Taking the manʻs phone, she called the only person who could retrieve her. It couldnʻt be her father because he had no idea regarding her plan. She would have to deal with that fall out later. "Jose?"

"Oh my god, Tabby!" Jose screamed into the phone. "Where are you?"

"Waipio warehouse district, the storage facility. I'm in the hedges near the fence facing the freeway; I'll crawl as much as I can,"

"Stay on the phone!" Jose replied. "I'll track your location!"



"It's the only way we could find them!" Tabby replied.

"Tabby, the risks you take are too great, and you're much too willing to put yourself in harm's way," Boy replied. "You're harboring some death wish."

"Other office people were disappearing, I know, it was dangerous to offer myself as bait, but I had to find out," Tabby pleaded.

"And you had the Rizal brothers publicly pose as thugs who were assaulting you, which also put the office at risk because everything we're about is keeping what we do a secret," Boy countered.

"I got rid of the problem," 

"You got rid of ONE problem," Boy looked his daughter in the eyes, his countenance unwavering. "Men like that don't work alone; they're connected to a vast network of people. People who probably know who you are now. You're sloppy; you put yourself and all of us at risk."

"Dad, I'm sorry. I care just as much about this family as anyone else does," Tabby replied.

"Do you care enough to leave it?" Boy walked to his daughter and grabbed her hands in his. "Do you?"



Simon Ching stood in front of the news cameras giving the live exclusive. He announced that Senator Merle Calvin, the man he helped get in office, became the primary financial power behind drugs and human trafficking through Hawaii. The source of human traffic came from a juvenile rehabilitation facility in Wai'anae to which he was a significant donor. During the interview, a random man walked up and shot Simon Ching once in the heart. The news cameraman and the news reporter ran for their lives, leaving Simon to die on the city sidewalk. Senator Merle Calvin was later cleared of all allegations; his reputation was still intact, while drugs and human trafficking went on as usual.



Kealoha didn't relent whenever his boss called for his services. He was just glad to work for the man who pulled him out of a life of crime and drugs and helped him become whole through the spiritual discovery of his own culture. Pulling in to the office garage, he could see the lights upstairs. His boss was already there. The old birdcage elevator groaned to life as it carried Kealoha's heavy frame to the second floor. The hallway and office lobby always had the feel of people who had just been there; his boss liked the residual energy for a reason because he needed to harness it only in case of an emergency. The outer and inner doors were open, and Boy sat behind his desk, enjoying a bowl of boiled peanuts. "Noho," Boy pointed to the seat on the other side of his desk. "Have some; Aunty Rita made it. It's so good; you're going to hate yourself."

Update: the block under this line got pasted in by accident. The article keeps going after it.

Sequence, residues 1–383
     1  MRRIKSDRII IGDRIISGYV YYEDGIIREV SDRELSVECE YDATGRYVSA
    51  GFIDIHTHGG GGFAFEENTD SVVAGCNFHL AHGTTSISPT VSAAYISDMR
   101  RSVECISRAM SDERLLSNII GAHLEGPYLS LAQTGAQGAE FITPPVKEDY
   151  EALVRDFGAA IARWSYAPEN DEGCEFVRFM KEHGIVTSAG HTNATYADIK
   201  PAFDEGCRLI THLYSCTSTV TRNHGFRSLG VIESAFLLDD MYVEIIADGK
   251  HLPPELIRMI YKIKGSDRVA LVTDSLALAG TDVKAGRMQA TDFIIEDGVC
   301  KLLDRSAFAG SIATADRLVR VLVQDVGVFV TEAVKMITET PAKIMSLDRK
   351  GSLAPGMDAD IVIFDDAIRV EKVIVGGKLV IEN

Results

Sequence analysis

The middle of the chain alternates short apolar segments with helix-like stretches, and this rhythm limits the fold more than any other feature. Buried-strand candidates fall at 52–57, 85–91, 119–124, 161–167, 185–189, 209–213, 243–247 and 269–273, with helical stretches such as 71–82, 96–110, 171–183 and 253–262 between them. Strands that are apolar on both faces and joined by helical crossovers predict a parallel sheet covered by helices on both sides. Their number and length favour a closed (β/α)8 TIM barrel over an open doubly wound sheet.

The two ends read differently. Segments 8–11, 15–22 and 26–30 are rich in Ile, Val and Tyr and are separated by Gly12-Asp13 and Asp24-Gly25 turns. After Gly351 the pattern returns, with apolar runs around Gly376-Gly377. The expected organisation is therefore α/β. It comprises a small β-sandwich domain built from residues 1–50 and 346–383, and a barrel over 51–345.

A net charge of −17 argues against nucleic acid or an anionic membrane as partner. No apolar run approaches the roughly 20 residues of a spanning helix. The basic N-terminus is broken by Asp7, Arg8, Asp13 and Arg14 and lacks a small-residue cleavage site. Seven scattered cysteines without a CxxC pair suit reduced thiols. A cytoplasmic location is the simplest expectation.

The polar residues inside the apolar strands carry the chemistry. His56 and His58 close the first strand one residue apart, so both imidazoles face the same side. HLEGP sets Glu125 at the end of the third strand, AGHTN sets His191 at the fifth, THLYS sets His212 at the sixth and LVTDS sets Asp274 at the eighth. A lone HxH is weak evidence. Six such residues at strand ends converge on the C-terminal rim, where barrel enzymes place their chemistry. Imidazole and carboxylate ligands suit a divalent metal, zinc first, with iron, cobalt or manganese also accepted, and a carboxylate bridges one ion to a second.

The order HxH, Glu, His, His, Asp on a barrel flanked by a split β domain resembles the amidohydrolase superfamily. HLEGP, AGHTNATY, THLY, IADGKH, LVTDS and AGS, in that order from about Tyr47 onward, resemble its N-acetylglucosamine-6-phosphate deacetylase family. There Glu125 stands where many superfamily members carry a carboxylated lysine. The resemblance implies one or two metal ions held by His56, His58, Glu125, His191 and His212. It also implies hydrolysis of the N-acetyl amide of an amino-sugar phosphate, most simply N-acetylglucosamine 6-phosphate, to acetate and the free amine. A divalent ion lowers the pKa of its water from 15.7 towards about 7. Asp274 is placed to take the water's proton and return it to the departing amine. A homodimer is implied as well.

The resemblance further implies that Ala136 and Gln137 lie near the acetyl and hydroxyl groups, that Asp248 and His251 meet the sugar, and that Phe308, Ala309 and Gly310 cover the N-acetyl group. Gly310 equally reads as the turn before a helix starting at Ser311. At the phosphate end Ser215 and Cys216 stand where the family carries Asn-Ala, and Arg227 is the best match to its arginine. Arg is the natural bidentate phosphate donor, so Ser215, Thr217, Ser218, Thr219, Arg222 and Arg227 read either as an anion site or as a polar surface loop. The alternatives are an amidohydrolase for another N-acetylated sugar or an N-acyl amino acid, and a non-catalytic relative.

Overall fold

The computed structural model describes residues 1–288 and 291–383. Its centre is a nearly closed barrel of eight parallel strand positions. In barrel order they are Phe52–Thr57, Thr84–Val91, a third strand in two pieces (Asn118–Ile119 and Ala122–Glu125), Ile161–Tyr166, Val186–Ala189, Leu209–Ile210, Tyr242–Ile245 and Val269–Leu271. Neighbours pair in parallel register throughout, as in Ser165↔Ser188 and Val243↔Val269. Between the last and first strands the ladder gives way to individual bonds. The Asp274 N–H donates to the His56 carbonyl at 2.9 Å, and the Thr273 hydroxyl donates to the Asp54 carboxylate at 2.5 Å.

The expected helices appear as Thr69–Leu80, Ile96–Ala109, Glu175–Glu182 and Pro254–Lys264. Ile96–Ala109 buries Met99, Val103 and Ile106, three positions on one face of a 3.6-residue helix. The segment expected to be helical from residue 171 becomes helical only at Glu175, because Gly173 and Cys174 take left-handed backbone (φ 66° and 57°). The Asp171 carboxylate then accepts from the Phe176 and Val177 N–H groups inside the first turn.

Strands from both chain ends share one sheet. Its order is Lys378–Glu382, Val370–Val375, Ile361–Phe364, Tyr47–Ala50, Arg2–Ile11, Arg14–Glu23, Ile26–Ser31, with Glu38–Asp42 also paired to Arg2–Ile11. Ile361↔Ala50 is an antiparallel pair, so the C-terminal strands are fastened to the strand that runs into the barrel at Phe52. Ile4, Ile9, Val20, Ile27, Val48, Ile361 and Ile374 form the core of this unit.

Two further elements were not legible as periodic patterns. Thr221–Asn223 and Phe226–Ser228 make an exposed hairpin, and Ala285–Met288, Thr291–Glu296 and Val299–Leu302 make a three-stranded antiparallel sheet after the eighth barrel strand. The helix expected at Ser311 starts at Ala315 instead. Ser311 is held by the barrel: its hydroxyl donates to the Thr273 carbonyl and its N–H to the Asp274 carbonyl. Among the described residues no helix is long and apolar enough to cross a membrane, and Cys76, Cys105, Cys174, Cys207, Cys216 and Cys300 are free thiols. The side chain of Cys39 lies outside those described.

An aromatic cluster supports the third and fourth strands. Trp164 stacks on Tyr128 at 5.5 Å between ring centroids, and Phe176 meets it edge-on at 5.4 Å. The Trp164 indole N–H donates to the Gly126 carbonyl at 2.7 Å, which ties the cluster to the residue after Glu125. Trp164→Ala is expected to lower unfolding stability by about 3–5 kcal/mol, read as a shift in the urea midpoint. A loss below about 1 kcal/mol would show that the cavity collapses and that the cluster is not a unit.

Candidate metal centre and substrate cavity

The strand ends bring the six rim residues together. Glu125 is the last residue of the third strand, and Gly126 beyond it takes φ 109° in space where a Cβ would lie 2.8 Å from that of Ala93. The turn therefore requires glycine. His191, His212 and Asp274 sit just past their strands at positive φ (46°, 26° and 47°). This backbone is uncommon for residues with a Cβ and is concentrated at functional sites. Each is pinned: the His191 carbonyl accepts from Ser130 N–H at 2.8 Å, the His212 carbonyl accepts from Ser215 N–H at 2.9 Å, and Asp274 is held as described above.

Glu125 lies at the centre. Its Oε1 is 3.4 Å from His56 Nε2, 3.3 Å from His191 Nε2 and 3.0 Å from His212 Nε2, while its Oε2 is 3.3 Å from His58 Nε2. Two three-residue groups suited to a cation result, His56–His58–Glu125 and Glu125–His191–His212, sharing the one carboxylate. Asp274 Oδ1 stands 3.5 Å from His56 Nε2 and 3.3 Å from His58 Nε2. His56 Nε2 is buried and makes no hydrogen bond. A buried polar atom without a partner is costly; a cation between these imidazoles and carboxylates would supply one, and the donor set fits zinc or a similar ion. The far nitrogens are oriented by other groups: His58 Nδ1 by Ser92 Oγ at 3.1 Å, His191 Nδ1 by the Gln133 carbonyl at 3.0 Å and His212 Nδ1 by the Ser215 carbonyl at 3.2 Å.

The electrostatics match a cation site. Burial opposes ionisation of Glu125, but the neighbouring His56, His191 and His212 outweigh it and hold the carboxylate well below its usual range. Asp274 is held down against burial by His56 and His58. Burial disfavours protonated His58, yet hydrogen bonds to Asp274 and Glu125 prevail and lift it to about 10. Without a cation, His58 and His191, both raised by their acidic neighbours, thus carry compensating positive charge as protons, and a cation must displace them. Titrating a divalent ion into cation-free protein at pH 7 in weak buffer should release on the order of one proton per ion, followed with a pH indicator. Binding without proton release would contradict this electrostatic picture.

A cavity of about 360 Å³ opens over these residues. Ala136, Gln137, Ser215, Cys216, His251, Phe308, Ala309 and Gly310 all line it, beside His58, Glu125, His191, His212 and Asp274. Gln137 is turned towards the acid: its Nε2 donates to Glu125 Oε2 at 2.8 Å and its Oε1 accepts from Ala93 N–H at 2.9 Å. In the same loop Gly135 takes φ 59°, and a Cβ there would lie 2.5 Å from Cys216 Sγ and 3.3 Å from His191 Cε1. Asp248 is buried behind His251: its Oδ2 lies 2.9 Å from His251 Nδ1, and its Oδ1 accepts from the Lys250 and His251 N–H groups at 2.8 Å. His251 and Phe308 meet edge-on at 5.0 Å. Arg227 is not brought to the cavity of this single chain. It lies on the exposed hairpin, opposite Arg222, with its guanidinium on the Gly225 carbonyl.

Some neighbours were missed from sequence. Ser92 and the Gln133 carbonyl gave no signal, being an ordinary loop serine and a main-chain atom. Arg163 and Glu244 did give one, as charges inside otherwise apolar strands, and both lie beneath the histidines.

Kealoha sat down and helped himself while Boy retrieved a can of soda from his mini-fridge and put it in front of the large man. "Oh, mahalo Boss."

"How are your wife and children?" Boy asked.

"Excellent Boss, they send their aloha as always," Kealoha smiled while he inhaled his drink and broke more peanut shells. "What do you need me to do, boss?"

"There's an old rich widow who lives at Black Point; she's worth billions. All sorts of people are clamoring for her support and money, even some bad people. She needs a competent bodyguard who can train other guard staff, who are just big men with no brains. I gave you a good recommendation," Boy, painted the picture very nicely up until that point.

"How long will I be there for?" Kealoha asked. 


"Indefinitely?" Kealoha squealed.

"I'm closing the office, we were publicly exposed, and I canʻt run the risk of attracting unwanted attention, it's for everyone's good," Boy replied. "If you take a look at your bank account, there's an excellent deposit there."

"If that happens, then what will you do? Where will you go?" Kealoha hadn't fathomed what he heard.

"I have to clean up Tabby's mess first and foremost, then we'll see," Boy answered. The two sat there until the sun came up over the east, and even then, the snacks moved from boiled peanuts to popcorn, and then fried chicken. In Mānoa, Tabby still lay in bed, recovering from her dream from the night before. Her father and brother came to her, asking her to stop blaming herself for their demise. She wouldnʻt hear it; it only countered her agenda in avenging them. Right now, Tabby sat, wondering why she bothered going through the motions of having a life? Why didnʻt she just pick up and leave with Jose? Why didnʻt they move somewhere and start their own family and live in everyday life? Why? Itʻs because of her father, thatʻs why. Nearly two months have passed, and heʻs hardly said a word to her. Not even the chiding of uncle Ivan and uncle Tiny could bring him around. Aunt Ritaʻs scoldings seemed to go in one ear and out the other. When was it going to change? When would everything go back to normal? 

Credit Photo - Pinterest